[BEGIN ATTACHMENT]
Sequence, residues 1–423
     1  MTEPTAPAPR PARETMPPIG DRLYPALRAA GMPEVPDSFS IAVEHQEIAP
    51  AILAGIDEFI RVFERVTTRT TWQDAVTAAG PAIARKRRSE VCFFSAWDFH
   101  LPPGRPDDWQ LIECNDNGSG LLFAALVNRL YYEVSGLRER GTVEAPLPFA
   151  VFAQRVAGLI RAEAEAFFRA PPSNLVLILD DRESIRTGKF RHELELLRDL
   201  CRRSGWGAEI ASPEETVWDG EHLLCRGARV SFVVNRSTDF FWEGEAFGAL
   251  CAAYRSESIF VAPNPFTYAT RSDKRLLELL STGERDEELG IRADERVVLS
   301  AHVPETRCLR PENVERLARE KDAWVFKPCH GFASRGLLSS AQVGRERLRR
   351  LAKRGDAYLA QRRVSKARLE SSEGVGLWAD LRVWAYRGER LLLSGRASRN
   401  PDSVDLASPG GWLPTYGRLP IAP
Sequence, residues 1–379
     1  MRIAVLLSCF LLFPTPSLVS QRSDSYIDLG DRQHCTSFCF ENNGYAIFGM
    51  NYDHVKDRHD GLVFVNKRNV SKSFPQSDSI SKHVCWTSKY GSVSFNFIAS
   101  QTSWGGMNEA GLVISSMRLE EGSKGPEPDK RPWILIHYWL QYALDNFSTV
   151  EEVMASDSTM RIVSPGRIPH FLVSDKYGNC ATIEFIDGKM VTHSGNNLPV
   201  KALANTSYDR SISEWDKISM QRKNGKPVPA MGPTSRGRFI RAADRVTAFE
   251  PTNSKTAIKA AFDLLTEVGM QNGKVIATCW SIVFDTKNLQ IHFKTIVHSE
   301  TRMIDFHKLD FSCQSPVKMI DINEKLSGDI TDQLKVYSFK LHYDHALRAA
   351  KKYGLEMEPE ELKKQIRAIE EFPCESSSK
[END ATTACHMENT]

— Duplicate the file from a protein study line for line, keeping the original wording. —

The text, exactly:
Sequence, residues 1–423
     1  MTEPTAPAPR PARETMPPIG DRLYPALRAA GMPEVPDSFS IAVEHQEIAP
    51  AILAGIDEFI RVFERVTTRT TWQDAVTAAG PAIARKRRSE VCFFSAWDFH
   101  LPPGRPDDWQ LIECNDNGSG LLFAALVNRL YYEVSGLRER GTVEAPLPFA
   151  VFAQRVAGLI RAEAEAFFRA PPSNLVLILD DRESIRTGKF RHELELLRDL
   201  CRRSGWGAEI ASPEETVWDG EHLLCRGARV SFVVNRSTDF FWEGEAFGAL
   251  CAAYRSESIF VAPNPFTYAT RSDKRLLELL STGERDEELG IRADERVVLS
   301  AHVPETRCLR PENVERLARE KDAWVFKPCH GFASRGLLSS AQVGRERLRR
   351  LAKRGDAYLA QRRVSKARLE SSEGVGLWAD LRVWAYRGER LLLSGRASRN
   401  PDSVDLASPG GWLPTYGRLP IAP
Sequence, residues 1–379
     1  MRIAVLLSCF LLFPTPSLVS QRSDSYIDLG DRQHCTSFCF ENNGYAIFGM
    51  NYDHVKDRHD GLVFVNKRNV SKSFPQSDSI SKHVCWTSKY GSVSFNFIAS
   101  QTSWGGMNEA GLVISSMRLE EGSKGPEPDK RPWILIHYWL QYALDNFSTV
   151  EEVMASDSTM RIVSPGRIPH FLVSDKYGNC ATIEFIDGKM VTHSGNNLPV
   201  KALANTSYDR SISEWDKISM QRKNGKPVPA MGPTSRGRFI RAADRVTAFE
   251  PTNSKTAIKA AFDLLTEVGM QNGKVIATCW SIVFDTKNLQ IHFKTIVHSE
   301  TRMIDFHKLD FSCQSPVKMI DINEKLSGDI TDQLKVYSFK LHYDHALRAA
   351  KKYGLEMEPE ELKKQIRAIE EFPCESSSK